Surviving Care: Achieving Justice and Healing for the Forgotten Australians

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Bond University Press, 2010 - Abused children - 336 pages
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This book seeks to make a significant contribution to a growing body of work that charts what happened to former care residents referred to as the Forgotten Australians and what governments and others have done to address the challenges that face this now aging population. While many former residents have gone on to have productive and fulfilling lives many others have had the opposite experience. Yet what all these people share in common is that they spent time in institutions away from their families, often in very difficult circumstances. Despite a growing number of research studies and autobiographies, we still know remarkably little about the experiences of former care residents and the challenges that now face them.

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Fifteen authors - former care residents, advocates, lawyers and academics from across Australia - contributed to the book. They present moving accounts and insightful reflections which will not only raise public awareness of past and current policy and practice, but galvanise future action.
This book is an important resource for every social justice agency and is recommended as a key reading for social work and community welfare undergraduates and all those currently working with children, families and communities.
While it was known that more than 500,000 people experienced life in over 600 institutions - orphanages, children's homes - and other forms of state/church/charity/foster care in Australia between 1930 and 1980, we did not have a clear picture of their lived experience as a total population. Nor were we conversant with the real rates of related suicide, social isolation, homelessness, addiction, or mental impairment of a significant number arising from their devastating childhood and adolescent emotional neglect. Nor were we aware of the shocking extent of the physical, sexual, or psychological abuse of many "in care" which left them with physical scars and/or impairment, post-traumatic stress disorder, a lifelong loss of trust, and an inability to initiate and maintain stable, loving relationships. Nor did we know the full range of the daunting challenges former care residents now face due to the absence of recognition and support from the general community, and the lack of integration of what scant services there are for older Care Leavers provided either by governments or by the agencies which ran care institutions in the past.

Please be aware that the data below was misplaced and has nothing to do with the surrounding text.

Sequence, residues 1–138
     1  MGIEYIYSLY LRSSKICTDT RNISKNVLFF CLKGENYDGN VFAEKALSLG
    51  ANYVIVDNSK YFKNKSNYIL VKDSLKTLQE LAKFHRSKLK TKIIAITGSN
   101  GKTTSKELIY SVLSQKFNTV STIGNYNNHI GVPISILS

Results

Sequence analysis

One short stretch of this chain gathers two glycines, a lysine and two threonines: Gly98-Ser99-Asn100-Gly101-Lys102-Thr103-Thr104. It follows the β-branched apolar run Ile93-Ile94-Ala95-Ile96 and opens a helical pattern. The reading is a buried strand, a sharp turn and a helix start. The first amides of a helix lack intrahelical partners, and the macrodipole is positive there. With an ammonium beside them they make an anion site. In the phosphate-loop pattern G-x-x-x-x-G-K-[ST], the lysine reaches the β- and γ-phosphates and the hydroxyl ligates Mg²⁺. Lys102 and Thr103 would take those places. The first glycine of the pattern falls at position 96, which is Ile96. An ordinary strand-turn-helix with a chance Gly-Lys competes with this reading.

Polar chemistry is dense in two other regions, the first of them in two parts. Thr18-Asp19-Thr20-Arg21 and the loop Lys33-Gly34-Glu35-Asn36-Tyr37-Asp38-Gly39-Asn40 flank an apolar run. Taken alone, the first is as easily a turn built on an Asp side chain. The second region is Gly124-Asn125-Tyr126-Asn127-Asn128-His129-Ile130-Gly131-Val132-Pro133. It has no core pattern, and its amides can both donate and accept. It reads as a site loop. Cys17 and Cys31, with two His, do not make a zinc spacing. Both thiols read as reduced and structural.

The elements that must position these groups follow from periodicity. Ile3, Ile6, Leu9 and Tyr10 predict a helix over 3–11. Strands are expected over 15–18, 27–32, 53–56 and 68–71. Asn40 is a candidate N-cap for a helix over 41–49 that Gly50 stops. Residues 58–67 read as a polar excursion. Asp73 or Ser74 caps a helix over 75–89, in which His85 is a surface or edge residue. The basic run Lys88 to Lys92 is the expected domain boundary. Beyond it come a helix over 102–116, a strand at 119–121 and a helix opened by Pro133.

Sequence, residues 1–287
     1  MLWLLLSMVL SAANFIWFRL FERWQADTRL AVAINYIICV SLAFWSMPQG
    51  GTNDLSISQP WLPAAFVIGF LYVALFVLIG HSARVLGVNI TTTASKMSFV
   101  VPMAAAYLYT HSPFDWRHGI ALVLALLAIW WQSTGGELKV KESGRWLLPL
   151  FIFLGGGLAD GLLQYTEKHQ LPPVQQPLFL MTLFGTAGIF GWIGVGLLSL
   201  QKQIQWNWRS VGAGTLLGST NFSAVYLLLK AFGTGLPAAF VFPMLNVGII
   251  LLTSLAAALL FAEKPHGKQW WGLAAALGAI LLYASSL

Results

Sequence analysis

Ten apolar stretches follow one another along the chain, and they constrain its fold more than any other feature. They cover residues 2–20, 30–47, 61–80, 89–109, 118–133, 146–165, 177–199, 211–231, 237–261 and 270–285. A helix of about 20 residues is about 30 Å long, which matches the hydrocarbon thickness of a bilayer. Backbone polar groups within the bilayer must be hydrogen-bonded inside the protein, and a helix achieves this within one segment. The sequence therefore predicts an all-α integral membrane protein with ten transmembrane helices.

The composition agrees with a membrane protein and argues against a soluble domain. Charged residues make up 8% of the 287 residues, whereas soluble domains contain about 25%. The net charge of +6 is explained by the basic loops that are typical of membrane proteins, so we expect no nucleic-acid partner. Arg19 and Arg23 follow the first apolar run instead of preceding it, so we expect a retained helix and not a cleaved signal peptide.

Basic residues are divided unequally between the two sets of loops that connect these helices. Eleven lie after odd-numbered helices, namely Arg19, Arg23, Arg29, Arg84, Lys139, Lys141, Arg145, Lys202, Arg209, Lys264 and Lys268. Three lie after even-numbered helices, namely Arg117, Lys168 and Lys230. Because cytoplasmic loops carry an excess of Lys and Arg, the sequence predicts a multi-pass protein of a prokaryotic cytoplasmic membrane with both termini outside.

This book gives them a real voice to highlight through personal stories their collective plight and show how as a group they are yet to fully achieve their goals of justice and healing. From an objective examination of what governments and others have done to support this now aging population it clearly identifies what action still needs to be taken in terms of adequate acknowledgement and redress, policy development, social action and improved service delivery.
 

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